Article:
SEOA Simple Guide to What Makes a Good Link

A Simple Guide to What Makes a Good Link

A good link should have the potential to deliver relevant visitors. Understanding what makes a good link is possibly the most tangible thing to grasp for anyone learning SEO. Much of what has this potential is common sense and in plain sight.

green-tickOur industry is by nature quite active and vocal online. Hundreds of thousands of SEO blogs exist, with a wide range in quality, originality, and novelty of content. To those of us practicing SEO on a daily basis, a lot of content may be summarily dismissed as regurgitation or noise, for noise sake.

For those new to the SEO industry, the amount of advice published online can be daunting and difficult to sift through. It is for this reason that I’m providing a simplified guide to the single most-common question I’m asked time and time again during training and consulting: what makes a good link?

When it comes to SEO, there’s no such thing as a simple answer. Yes, we’re all aware that relevancy algorithms are composed of hundreds of variables, each attributed weightings, which means that often a simple question can’t be answered (unless further conditions can be provided). In this case however, I would like to propose a simple rule of thumb that those starting their education in search can use as a universal starting point.

A good link should have the potential to deliver relevant visitors.

Understanding what makes a good link is possibly the most tangible thing to grasp for any learning SEO, as much of what has “the potential to deliver relevant visitors” is common sense and in plain sight. Knowing what makes an “OK” link or a “strategic” link may require more experience and comfort with backlink profile analysis, which may hopefully be expedited by this simple rule of thumb.

1. Relevant Visitors are From the Target Geolocation

What this may mean is that your linking site URL has the ccTLD (country code top-level domain) of the country for which you are trying to grow traffic. If not ccTLD, then perhaps another method has been used by the site to clearly ring-fence their content to a smaller audience.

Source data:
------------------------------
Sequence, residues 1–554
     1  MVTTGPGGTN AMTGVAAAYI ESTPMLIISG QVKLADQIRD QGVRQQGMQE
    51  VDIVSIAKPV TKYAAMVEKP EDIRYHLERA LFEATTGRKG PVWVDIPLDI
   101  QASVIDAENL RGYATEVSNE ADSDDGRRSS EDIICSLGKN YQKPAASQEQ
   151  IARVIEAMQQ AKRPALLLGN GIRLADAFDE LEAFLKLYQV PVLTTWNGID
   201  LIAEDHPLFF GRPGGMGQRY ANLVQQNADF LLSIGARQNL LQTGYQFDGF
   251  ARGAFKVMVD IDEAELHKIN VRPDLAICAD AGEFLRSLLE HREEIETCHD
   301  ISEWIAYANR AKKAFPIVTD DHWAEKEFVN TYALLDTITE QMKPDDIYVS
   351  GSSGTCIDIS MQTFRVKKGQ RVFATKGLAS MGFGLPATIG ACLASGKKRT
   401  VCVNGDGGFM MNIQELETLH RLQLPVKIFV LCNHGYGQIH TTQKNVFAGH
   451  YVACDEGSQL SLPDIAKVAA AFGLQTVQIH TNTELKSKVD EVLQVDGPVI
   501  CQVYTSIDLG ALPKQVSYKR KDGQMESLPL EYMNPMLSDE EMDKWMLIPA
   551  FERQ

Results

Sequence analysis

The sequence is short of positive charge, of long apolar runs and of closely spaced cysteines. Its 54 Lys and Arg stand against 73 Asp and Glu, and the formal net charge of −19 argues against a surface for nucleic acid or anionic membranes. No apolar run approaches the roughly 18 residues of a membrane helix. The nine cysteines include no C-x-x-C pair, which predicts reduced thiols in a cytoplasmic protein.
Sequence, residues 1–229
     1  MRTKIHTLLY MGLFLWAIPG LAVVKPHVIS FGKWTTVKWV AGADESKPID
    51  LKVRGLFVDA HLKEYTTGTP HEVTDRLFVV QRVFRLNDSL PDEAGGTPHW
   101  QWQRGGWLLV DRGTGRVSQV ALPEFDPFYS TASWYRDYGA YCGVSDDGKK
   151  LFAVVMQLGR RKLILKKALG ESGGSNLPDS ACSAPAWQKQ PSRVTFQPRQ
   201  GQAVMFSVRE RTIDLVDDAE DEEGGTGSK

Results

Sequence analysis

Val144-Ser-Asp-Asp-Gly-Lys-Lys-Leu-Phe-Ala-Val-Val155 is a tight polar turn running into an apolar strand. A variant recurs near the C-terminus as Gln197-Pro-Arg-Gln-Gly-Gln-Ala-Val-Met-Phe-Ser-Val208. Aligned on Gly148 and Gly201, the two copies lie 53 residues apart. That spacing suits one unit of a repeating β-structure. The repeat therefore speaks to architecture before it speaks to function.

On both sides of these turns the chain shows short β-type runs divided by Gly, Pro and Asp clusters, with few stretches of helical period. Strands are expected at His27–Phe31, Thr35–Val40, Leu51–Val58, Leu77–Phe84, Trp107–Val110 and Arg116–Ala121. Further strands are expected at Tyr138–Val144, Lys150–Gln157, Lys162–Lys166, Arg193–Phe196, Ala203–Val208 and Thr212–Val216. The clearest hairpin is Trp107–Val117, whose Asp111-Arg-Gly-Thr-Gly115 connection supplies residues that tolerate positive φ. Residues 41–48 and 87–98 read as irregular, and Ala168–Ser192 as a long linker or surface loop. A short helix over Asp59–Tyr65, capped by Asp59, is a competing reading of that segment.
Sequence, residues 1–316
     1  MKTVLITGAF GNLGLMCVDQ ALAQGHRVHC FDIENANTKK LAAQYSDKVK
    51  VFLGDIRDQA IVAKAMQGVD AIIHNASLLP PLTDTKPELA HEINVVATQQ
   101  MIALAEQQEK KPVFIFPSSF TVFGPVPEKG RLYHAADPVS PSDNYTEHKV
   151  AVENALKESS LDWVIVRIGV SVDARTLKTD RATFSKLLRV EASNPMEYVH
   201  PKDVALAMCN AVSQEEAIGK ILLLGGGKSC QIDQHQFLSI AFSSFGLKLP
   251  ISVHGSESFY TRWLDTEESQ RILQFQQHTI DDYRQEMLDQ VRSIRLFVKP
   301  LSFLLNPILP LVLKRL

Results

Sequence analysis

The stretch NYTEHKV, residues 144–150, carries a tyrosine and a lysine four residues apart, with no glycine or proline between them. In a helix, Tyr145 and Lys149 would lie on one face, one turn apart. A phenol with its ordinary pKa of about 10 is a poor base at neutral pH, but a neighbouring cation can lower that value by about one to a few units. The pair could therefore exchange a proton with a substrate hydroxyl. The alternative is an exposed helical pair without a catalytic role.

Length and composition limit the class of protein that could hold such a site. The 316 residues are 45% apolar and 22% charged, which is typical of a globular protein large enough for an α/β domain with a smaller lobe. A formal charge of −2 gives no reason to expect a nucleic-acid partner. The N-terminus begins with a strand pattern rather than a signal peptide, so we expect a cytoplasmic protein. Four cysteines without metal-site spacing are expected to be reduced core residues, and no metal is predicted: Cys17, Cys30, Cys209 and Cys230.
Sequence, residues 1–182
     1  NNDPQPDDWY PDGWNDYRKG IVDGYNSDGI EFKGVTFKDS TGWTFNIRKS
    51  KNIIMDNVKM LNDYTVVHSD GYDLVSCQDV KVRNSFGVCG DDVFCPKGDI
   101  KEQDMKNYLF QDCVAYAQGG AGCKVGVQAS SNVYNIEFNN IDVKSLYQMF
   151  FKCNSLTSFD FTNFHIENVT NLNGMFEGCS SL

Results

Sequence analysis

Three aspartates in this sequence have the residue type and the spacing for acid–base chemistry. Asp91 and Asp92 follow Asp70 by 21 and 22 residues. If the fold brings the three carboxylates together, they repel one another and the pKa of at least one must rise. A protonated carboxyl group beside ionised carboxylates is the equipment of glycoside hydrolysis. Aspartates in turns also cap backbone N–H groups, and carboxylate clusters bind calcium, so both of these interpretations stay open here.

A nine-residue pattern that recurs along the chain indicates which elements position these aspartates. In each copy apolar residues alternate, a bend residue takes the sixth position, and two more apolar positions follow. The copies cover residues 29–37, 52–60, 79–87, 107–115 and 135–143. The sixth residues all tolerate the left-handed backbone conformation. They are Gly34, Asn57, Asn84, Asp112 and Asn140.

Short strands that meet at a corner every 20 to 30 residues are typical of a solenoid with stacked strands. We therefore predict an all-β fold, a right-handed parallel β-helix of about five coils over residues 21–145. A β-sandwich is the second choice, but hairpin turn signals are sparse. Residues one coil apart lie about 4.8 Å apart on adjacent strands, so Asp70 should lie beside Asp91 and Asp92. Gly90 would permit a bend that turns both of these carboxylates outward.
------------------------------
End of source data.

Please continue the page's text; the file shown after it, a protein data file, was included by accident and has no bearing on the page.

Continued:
As an example, for a UK tech start-up product looking to grow its user-base, a linking story in is much better than, as the former is focused on a European audience.

2. To Provide Relevant Visitors, a Site Must Have an Audience

If a site isn’t familiar to you, perhaps it can be found on reputable media databases or industry specific directories. Even a small, engaged audience can be valuable, and a good indication of quality.

How does the site being evaluated fare in search for their core terms? Does the site have a detailed and open “About Us” page, which may even offer visitor figures?

3. Relevant Visitors Should Have Exposure to Thematically Similar Content to Yours

Let’s say your site sells nuts and bolts online and you obtain a link in a piece of content about hardware or DIY. Potentially, that link could provide some relevant traffic. Additionally, if the site on which the linking page sits is also thematically relevant, then that’s great, though not essential.

But is it a problem if you get a regional newspaper, rather than a site about hardware, to link to an online voucher-offer that is valid in your newest store, which opens soon in that region? No. Regional relevancy and linking page content relevancy will be extremely valid and should mean a good chance of relevant visitors.

4. Relevant Visitors Come From “Clickable” Links

Think about it. How often have you clicked a site footer link? How often do you click a link in a piece of content that would appear to be about to link to a page of useful further information; or a link in content that is the explicit target of the content (e.g., “Visit NS Hardware now, to get your 25% off e-voucher for the new store.”).

5. Relevant Visitors Can’t (Easily) Be Faked

(As a caveat, we would expect a certain percentage of the visitors to perform some kind of interaction, or conversion activity, to be determined as relevant.)

Page properties such as toolbar PageRank can be easily inflated and may not be reliable or up to date.

In Summary

While there are mitigating circumstances and shades of gray, when it comes to assessing what makes a good link, the above principle is one that is common sense and easy to grasp for new practitioners (or even clients who need a quick answer).

I’d also like to stress that the above doesn’t guarantee a link that delivers good quality, relevant visitors will always be a “clean” link, but I can’t think of a simpler guiding principle with less pitfalls. Can you?


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